Looks like itís just me this week. Huh. Well, ainít no thang. This week we got two albums for you and theyíre very good albums on two polar opposite sides of the spectrum so pick your poison and dive in. The Decemberists and Freezepop. You really canít lose.
The King is Dead
January 18, 2011
A modern day mash-up of Tom Petty and Bob Dylan
Admittedly, I was a bit unprepared to review this album. The Decemberists will always be, for me, the band that made The Hazards of Love. If you donít know, The Hazards of Love is a rock opera and probably my favorite of them all. Thing about rock operas though is that they are rarely representative of what a band offers on a normal basis. And so, with The Hazards of Love in my mind, I approached this latest offering and that probably wasnít the best idea.
The King is Dead is extremely folks-y. Itís very folks-y and very country, and in that respect itís a fabulous album. Songs like Rox in the Box
and Down By the Water
are absolutely spectacular. They carry with them a sense of style, finesse, and composure that only a band like The Decemberists can convey. Upon first listen itís striking the sounds that the band so masterfully melds together; a strange sort of mix of contemporary country, traditional folk, and 18th century baroque.
The composition of the album is, as Iím sure you can tell, perfect. So we wonít spend much time finding different ways to say what has already been said. Instead, letís break some stuff down. Some of the great mainstays of the album are harmonica, acoustic guitar, and slow moving country slide guitar. It all comes together just as well as one would expect and is complimented by Colin Meloyís near angelic voice in the lead, bandmate Jenny Conlee, and guest musician Gillian Welch who contributes some truly powerful back-up vocals. Alongside these elements are the percussions which are surprisingly varied in sound.
Lyrically the album is so-so. For a Decemberists album there have certainly been better lyrics but songs like Down By the Water
and June Hymn
are still great examples of imagery and poetic skill.
Now, all in all, The King is Dead is a fantastic album with a great warm sound and exceptionally handled delivery. However, as a follow up to The Hazards of Love, the album does fall short of achieving that same level of ambition or dexterousness. However what The King is Dead lacks in ambition it makes up for in finesse.
Personal favorite tracks: Down By the Water
, Rox in the Box
, and June Hymn
[b]You can hear the whole album before release here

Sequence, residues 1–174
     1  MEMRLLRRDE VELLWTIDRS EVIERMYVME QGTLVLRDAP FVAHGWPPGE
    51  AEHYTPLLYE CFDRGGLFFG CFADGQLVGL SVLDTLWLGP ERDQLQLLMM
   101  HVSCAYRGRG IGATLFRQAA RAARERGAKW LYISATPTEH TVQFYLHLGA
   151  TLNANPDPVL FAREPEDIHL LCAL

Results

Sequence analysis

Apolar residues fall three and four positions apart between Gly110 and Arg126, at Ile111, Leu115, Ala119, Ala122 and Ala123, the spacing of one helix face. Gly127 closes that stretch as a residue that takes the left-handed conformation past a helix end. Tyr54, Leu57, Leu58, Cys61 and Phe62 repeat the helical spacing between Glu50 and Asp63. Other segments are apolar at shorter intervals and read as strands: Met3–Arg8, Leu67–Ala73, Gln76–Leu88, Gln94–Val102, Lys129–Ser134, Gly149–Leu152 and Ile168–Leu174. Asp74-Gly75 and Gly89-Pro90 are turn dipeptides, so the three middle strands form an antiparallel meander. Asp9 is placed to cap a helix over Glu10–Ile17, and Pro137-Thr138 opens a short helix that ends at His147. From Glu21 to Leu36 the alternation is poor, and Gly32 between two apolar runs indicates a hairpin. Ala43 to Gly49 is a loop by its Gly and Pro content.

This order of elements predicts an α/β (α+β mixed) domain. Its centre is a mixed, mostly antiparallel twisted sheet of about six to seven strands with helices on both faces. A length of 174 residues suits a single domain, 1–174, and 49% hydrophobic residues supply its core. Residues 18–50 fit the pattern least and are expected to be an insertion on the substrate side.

A great album that does what it does flawlessly but doesnít quite match the brilliance of the bands previous outing The Hazards of Love.
Archenemy Record Company
December 7, 2010
Freezepop 2.0. Classic Freezepop with some Daft Punk and a hint of chiptune.
This review is long overdue. Freezepop is a band thatís close to a lot of our hearts. Something about Freezepop just really seems to resonate with the pacts of fun loving nerds out there. And it makes sense really. Itís taking the mundanity of life and coloring it with cold synth sounds. Itís that vision of the future weíve all fantasized about in countless futuristic films, television shows, and videogames.
Imaginary Friends is definitely a step in the right direction for the band, continuing that vision that weíve all seen the band uphold. Through the years the bandís sound has become more and more complex. Losing the minimalism of albums like Freezepop Forever and Fancy Ultra Fresh in favor of a wider range of sounds and a more club centric feel. In 2007 this shift resulted in Future Future Future Perfect, a wonderful album but one that seemed to begin to lose that cold emotionless edge that the bandís first two albums had. With Imaginary Friends that edge is back in full force and doesnít dismiss any of the lessons learned from the past 11 years. What results is what may possibly be the bands greatest album yet.
Songs like Magnetic
, Lose That Boy
, and Special Effects
are unabashed synthetic joy. The bass is kicked up to the max, the charm doesnít hold back, and frankly a Freezepop album has never sounded this versatile before. Youíve got your space-y tracks like House Of Mirrors
, your dance-y tracks like the aforementioned Lose That Boy
, your weird charming tracks like We Donít Have Normal Lives
, theyíre all just awesome.
The composition is spot-on. The best the band's done in my opinion. The percussion, while not nearly as complicated as some of the bands past works, works insanely well with the rest of the tracks. And the rest of the tracks on any song are simply delightful. From the synth sounds, to the studio work, to the spectacular performance from Liz Enthusiasm the album just has that sound that makes you want to blast the radio up, grab your nearest friend, and bedroom dance all night.
Lyrically, the album is just as charming as previous Freezepop albums. Songs like Lose That Boy
, and Lady Spider
are both written and delivered with the classic Freezepop with weíve all come to expect. Themes of the album like unfair relationships, spiders, hot air balloons, itís all pretty much fair game for a band like Freezepop.
So Iím sure youíve guessed by now but this album comes highly recommended. It is quite possibly Freezepopís greatest album to date and is a sign that even after a decade there are still places of their universe weíve yet to experience. Buy this album. Seriously.
Oh, and buy it from the official store
. Coolest band store ever.
Personal favorite tracks: Lose That Boy
, We Donít Have Normal Lives
, Natural Causes
, and House of Mirrors TL;DR:
Best of Freezepop yet. If you like good synthpop, buy it. Thrice.
-Xzyliac HAPPY WEEKEND!
LOOK WHO CAME: